June 26, 2020
Parents and children have made it through many challenging months of quarantine.
Now the thought on most parents’ minds is the decision about school enrollment in the fall. The only thing that is certain during COVID-19 living is that we all must accept risk as an unwelcome specter. This fact may be the primary consideration when deciding whether or not to enroll children in school or daycare. With this point front and center, the following thoughts may guide planning.
First, parents must come to terms with the limitations imposed by their jobs.
Is it best or even possible to continue to work from home? Can co-parents and other family members pitch in to care for the kids if they are home-learning full time or part-time? Next, consider the burden of children on professional productivity, wages, and stress. The distraction of pets and kids at home takes its toll on our ability to do good work. Remember, stressed parents mean stressed, irritable kids.
Consideration of the child’s needs related to social-emotional functioning is also relevant. How has he or she functioned doing the quarantine? While I believe children will not be permanently damaged, the cost of distance learning on children’s mental health and academic progress should be acknowledged.
Next, consider the degree of health risk that is acceptable for the family.
The effect of COVID exposure on children is still unclear. While young children seem to be at lower risk of serious illness when exposed to the virus, they should be monitored for Kawasaki-like disease. We do know that children can spread the virus to others even if they do not have symptoms. The risk the child poses to adults in the home (and their circle) should be carefully evaluated.
Parents should consider the various options that the school offers. For instance, some schools may allow partial attendance at school with some home-school days. This option would be riskier than staying home but safer than being in school all day every day. Again a decision about risk tolerance must be made.
Soul searching about trust in school personnel and the quality of the school is essential.
Were leadership, organization, and cleanliness at the school acceptable before COVID came to town? Parents will depend on clear communication and behind the scenes adherence to safety regulations. Again, trust comes into focus. Will janitorial staff be adequate to maintain a clean environment, or will teachers be responsible? Most schools will need to increase the number of assistants, so teachers have no concern about staying home if they become ill.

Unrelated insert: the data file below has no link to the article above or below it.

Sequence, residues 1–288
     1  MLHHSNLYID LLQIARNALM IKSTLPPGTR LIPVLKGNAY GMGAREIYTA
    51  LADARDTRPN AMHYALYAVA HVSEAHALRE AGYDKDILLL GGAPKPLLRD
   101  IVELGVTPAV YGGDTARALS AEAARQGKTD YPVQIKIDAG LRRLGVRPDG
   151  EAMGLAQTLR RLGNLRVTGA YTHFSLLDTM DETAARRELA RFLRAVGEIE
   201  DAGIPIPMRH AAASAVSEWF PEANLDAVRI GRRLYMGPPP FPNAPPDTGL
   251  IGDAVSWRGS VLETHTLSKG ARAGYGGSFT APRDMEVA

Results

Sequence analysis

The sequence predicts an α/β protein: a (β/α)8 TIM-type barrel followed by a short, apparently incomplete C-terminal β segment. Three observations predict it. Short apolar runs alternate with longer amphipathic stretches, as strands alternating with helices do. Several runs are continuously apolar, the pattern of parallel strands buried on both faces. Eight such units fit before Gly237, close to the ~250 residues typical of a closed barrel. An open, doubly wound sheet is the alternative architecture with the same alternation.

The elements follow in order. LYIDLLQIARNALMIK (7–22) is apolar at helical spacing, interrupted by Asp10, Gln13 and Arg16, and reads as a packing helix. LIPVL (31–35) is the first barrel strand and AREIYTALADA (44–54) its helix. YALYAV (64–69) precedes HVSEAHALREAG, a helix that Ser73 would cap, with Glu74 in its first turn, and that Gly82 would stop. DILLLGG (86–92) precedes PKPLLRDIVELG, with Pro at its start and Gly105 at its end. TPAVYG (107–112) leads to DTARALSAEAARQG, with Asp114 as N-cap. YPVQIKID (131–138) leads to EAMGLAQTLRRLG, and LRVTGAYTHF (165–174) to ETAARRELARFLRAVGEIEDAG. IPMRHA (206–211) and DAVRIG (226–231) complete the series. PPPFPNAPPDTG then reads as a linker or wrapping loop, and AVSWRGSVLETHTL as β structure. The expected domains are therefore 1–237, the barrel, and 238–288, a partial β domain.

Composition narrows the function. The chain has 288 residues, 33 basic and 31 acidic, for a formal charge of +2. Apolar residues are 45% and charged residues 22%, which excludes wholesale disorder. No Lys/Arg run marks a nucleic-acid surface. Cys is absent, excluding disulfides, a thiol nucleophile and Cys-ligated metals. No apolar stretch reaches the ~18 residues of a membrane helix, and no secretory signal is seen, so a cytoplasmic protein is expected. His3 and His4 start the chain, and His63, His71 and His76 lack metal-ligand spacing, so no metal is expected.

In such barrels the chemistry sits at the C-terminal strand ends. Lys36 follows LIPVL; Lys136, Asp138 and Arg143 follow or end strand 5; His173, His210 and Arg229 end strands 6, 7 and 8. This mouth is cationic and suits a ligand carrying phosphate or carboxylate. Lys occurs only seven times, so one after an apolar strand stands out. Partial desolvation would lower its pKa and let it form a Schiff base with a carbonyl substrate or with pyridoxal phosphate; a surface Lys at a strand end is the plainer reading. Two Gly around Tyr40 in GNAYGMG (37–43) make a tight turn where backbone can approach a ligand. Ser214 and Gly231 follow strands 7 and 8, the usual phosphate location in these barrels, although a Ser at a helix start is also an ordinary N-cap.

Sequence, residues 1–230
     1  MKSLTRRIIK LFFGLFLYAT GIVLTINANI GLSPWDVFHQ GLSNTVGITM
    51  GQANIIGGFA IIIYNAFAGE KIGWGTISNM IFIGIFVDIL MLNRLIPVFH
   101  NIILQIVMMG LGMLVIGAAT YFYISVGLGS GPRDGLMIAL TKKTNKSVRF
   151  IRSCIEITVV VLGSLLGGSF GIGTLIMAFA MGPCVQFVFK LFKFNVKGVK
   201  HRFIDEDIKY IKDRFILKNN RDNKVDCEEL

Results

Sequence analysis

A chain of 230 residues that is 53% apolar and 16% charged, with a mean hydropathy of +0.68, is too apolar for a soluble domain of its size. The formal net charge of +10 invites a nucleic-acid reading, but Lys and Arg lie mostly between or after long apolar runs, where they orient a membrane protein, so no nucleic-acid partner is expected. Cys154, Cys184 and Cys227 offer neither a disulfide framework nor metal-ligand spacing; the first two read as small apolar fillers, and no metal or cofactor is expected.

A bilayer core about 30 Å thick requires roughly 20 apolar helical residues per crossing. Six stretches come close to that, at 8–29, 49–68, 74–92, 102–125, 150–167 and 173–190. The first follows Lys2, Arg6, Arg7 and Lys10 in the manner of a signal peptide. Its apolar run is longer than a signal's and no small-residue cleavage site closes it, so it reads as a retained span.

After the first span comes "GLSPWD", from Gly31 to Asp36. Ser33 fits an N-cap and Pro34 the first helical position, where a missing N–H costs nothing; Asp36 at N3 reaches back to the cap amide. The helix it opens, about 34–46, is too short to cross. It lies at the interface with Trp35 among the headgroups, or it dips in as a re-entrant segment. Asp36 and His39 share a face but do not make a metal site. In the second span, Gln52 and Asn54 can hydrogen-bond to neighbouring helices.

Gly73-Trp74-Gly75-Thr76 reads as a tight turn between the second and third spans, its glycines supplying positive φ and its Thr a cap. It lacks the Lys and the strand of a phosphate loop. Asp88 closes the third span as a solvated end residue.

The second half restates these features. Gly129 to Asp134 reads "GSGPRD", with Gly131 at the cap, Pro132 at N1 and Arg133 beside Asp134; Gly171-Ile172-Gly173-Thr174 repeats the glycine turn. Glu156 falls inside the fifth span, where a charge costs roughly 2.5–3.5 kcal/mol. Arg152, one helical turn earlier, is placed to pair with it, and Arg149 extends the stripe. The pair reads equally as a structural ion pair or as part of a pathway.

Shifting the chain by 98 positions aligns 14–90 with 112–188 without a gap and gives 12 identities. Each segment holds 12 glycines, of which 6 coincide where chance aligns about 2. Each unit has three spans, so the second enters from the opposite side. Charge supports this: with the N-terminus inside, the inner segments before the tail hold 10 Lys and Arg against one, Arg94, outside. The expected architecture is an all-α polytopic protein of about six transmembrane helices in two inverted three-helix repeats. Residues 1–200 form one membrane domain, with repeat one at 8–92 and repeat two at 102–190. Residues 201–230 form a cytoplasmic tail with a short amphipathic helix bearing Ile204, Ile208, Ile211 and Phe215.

The structure of classrooms and schedules are also worthy of investigation.
Children should not share supplies, they should sit at forward-facing desks spaced appropriately, and there must be reasonable rules about mask-wearing (this will vary based on the age of the child, but all adults should wear them). Outdoor learning should be considered, but it may be tricky to maintain social distancing during recess. Cafeteria dining should be avoided, and there must be clear rules for hand washing. These are essential safety measures but only represent a shortlist of recommended school policies.
Parents of infants must explore not only cleanliness but staff and attendee patterns at daycare. High caregiver and baby turn-over may increase risk. The baby-to-caregiver ratio should be low (see: childcare.gov for guidelines).
A recent New York Times poll of epidemiologists showed that 40% of these professionals plan to enroll their child in school come fall. Local data related to the virus will undoubtedly guide local choices. However, for parents, deciding whether to enroll a child in school this fall is a personal one. Taking time to make a sound decision for the family and child, along with what the school is offering, will ultimately lead to a plan that feels right.
Dr. Pat Blackwell is a licensed developmental psychologist who has worked with families for over 30 years, and is the author of Nola Family’s award-winning “Learning Years” column. To learn more about Dr. Blackwell, click here. patblackwellphd.com